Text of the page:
At the 18th OSCE Summit in Kathmandu in November 2014, India proposed an agreement on SAARC motor vehicles. Pakistan`s objections failed to reach an agreement. Instead, India followed a similar agreement with BBIN. The BBIN Motor Vehicles Agreement (MVA) was signed on 15 June 2015 at the BBIN Transport Ministers` Meeting in Thimpu, Bhutan.   The agreement will allow Member States to transport their vehicles on the territory of the other cargo and passenger provider, including transport and passenger vehicles from third countries. Any vehicle would require electronic authorization to enter another country`s territory and border security agreements between the borders of nations are maintained.  Freight vehicles can enter each of the four nations without the need to transfer goods from one country to another at the border. Under the system, cargo vehicles are electronically tracked, authorizations are issued online and sent electronically to all land ports. Vehicles are equipped with an electronic seal that alerts regulators every time the container door is opened.  DHL Global Forwarding has been commissioned by the Indian government to conduct a pilot race under the agreement. The first truck to benefit from the vehicle agreement was lodged from Calcutta on 1 November 2015. The truck travelled 640 km to Reach Agartala via Dhaka.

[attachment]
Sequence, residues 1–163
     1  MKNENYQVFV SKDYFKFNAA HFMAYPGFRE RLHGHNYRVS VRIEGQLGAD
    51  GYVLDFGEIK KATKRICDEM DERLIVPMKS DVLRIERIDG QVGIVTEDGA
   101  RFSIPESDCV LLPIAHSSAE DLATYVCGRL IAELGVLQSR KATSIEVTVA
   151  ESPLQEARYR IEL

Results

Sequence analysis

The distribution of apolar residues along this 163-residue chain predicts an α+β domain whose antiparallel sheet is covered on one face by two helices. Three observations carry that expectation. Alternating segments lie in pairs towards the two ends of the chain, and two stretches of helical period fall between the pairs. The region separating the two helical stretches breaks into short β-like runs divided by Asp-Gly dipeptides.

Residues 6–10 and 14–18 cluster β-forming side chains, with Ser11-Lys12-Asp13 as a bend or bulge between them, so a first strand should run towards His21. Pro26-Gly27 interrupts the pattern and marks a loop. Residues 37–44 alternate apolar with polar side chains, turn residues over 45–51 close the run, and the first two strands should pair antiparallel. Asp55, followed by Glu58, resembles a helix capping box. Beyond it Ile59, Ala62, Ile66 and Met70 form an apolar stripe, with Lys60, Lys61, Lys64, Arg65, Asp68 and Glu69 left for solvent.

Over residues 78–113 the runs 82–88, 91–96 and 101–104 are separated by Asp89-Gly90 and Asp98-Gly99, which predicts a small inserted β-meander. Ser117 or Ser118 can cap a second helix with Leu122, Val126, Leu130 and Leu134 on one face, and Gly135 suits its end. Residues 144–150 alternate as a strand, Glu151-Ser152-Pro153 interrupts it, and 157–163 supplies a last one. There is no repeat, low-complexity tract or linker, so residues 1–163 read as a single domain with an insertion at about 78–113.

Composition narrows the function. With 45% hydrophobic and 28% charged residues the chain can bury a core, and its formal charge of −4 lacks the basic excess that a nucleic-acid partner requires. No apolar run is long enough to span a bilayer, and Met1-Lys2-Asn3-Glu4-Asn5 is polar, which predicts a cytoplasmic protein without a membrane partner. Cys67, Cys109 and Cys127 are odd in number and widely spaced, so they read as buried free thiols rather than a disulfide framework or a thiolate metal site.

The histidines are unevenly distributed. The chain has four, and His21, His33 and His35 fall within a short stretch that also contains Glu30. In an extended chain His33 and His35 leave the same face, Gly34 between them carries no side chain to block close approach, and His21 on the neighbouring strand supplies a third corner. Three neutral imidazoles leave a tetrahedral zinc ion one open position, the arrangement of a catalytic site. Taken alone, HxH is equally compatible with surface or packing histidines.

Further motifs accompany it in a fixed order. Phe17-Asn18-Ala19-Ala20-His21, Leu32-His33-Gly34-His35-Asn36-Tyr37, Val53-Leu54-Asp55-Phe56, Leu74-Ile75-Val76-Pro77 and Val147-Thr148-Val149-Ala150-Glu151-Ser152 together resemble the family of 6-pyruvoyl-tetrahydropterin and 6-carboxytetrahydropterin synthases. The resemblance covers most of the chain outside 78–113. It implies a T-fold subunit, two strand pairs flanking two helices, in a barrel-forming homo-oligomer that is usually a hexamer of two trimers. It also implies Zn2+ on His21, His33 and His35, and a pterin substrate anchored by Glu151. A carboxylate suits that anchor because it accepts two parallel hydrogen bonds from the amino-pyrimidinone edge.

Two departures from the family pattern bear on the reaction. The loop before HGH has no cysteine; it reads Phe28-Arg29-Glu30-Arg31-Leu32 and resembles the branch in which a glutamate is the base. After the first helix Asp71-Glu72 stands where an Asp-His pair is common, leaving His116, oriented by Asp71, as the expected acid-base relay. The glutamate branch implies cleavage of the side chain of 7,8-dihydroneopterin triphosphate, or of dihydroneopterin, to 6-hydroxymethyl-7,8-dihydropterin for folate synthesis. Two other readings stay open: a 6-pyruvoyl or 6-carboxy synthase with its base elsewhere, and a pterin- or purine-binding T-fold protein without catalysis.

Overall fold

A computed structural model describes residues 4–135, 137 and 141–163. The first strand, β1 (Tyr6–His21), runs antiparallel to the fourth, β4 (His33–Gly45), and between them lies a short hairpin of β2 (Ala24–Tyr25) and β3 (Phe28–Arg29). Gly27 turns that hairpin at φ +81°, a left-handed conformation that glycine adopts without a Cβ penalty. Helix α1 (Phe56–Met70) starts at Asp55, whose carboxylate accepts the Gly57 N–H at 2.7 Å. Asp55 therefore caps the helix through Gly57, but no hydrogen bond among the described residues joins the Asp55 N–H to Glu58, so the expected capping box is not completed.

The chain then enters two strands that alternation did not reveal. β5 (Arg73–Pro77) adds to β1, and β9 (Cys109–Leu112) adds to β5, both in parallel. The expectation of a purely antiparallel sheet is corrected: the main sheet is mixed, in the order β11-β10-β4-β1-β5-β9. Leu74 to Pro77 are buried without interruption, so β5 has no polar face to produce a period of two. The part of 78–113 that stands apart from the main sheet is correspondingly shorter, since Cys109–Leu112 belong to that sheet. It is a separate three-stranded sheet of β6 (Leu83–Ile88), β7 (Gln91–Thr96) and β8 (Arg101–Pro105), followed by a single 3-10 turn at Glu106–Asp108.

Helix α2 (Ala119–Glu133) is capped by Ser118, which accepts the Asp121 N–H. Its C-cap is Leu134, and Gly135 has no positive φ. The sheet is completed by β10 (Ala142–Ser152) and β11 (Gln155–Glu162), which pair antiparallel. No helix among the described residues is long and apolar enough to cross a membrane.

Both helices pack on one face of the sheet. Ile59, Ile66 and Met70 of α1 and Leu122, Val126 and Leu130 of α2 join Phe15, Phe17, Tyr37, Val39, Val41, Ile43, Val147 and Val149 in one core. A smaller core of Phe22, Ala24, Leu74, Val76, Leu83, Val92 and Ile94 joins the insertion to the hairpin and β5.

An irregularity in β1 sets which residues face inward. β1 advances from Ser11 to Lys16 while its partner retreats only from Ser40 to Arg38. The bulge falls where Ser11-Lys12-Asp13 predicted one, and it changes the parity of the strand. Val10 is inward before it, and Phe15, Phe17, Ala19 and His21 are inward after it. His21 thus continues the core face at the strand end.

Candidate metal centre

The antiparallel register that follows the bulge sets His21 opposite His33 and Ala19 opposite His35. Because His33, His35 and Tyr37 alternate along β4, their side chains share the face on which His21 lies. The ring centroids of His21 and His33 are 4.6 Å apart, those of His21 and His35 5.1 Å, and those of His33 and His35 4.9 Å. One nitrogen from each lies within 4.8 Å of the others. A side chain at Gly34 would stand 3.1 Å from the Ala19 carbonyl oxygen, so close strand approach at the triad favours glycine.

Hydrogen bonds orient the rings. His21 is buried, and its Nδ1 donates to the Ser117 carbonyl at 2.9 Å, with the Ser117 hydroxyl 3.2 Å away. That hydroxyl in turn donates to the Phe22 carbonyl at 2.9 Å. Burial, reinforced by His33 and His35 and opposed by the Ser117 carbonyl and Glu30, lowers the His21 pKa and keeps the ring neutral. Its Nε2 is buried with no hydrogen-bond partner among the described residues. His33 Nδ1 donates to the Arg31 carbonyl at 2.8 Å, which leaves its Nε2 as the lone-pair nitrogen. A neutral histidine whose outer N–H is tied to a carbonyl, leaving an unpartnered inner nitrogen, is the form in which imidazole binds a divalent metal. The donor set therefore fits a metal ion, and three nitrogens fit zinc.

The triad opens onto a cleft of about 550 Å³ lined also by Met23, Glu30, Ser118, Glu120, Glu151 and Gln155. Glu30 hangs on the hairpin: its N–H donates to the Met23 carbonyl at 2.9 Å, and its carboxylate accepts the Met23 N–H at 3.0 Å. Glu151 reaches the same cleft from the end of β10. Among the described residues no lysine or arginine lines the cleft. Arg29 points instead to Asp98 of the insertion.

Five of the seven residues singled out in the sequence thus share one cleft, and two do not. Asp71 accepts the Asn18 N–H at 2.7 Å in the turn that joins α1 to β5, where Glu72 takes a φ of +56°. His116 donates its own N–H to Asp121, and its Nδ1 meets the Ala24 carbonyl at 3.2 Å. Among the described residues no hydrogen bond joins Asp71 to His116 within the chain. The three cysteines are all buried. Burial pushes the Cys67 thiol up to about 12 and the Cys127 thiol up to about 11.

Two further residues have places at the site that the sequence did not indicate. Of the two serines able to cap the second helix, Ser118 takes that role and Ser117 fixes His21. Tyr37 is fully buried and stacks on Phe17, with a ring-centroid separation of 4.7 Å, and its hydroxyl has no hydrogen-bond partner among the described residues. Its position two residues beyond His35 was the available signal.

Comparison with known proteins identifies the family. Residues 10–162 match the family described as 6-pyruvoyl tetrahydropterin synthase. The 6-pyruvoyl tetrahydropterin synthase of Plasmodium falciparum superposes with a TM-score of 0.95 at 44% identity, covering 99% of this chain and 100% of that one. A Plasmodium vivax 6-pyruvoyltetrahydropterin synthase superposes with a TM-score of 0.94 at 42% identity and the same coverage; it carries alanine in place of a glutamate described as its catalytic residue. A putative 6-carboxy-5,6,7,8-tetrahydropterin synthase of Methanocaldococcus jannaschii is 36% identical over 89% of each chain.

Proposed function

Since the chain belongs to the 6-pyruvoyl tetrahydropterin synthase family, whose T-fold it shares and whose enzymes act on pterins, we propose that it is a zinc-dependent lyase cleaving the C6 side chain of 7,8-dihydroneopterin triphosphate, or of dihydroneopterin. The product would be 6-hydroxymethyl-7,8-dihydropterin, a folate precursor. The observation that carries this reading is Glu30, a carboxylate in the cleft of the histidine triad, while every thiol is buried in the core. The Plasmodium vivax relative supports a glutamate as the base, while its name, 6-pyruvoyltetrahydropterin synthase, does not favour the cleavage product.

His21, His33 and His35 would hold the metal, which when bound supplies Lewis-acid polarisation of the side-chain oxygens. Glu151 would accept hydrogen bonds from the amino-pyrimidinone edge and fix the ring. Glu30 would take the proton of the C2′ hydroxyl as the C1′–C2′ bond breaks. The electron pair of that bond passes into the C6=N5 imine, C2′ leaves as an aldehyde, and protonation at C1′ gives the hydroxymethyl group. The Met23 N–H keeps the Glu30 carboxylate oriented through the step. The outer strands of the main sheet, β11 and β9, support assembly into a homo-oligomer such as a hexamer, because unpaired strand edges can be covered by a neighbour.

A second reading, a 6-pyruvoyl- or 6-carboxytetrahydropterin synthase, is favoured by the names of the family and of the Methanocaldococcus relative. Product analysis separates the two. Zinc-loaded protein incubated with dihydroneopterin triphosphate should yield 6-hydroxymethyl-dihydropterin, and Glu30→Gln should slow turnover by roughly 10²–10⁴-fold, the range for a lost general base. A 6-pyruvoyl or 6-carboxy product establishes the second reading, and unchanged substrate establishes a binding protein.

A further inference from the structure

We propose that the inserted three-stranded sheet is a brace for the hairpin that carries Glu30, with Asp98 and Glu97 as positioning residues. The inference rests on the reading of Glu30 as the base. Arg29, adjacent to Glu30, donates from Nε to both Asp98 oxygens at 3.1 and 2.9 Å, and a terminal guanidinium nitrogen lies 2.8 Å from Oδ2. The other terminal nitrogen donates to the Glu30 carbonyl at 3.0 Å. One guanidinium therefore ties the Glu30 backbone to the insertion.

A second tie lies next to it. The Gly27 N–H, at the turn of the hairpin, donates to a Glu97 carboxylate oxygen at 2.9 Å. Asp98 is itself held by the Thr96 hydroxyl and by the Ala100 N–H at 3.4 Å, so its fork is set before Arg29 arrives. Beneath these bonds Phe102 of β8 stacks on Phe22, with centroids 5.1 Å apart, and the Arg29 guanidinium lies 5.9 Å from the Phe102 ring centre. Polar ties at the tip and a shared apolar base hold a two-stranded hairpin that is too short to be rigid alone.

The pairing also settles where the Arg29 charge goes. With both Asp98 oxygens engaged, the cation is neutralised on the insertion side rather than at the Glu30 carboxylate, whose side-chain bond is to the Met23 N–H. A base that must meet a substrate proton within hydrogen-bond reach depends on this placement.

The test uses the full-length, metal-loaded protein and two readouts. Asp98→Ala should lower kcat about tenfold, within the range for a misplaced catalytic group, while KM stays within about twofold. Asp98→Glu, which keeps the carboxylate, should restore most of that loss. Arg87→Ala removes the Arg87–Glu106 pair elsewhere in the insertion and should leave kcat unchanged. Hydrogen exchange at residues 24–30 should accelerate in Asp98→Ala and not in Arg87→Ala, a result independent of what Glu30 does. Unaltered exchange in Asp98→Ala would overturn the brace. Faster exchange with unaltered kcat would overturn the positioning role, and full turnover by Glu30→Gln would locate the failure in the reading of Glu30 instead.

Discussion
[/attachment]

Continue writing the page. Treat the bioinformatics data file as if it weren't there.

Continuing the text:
Before the BBIN motor vehicle agreement was signed, the truck would have had to travel 1550 km through Indian territory to reach Agartala. In August 2016, Bangladesh sent a truck carrying clothes from Dhaka to New Delhi as part of a trial of the agreement.  The truck obtained an electronic authorization to enter India via a web-based online system. Instead of submitting to customs clearance and formalities as before the agreement, the truck was equipped with an electronic seal with a GPS tracking device. The truck was then inspected in New Delhi and not at the border for customs clearance.  In 2015, India proposed a smooth transport of unplanned freight, buses and passenger cars between Moreh in Manipur and Mae Sot in Thailand. The importance of this agreement can be established from different angles. First, since Pakistan was not involved; It took only 6 months for the first truck to travel between the India-Bangladesh-India route. It was the second major multilateral agreement between South Asian countries and marked the idea of SAARC-minus-Pakistan “First thing to consider BIMSTEC, which was launched at the launch of New Delhi”. The sequence of events further reinforced this idea. Second, it is the first step in the $8 billion road link project between these four countries and Myanmar and Thailand.